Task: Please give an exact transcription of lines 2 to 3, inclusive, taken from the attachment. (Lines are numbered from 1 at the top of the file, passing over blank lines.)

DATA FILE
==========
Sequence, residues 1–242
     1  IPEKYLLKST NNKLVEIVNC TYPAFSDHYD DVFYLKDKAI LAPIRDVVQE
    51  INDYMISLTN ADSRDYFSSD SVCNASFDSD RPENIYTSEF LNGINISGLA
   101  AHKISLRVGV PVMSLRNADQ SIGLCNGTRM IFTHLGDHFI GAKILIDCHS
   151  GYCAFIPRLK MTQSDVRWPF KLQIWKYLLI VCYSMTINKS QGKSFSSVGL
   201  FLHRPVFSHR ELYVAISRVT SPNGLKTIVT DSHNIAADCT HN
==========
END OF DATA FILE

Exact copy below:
     1  IPEKYLLKST NNKLVEIVNC TYPAFSDHYD DVFYLKDKAI LAPIRDVVQE
    51  INDYMISLTN ADSRDYFSSD SVCNASFDSD RPENIYTSEF LNGINISGLA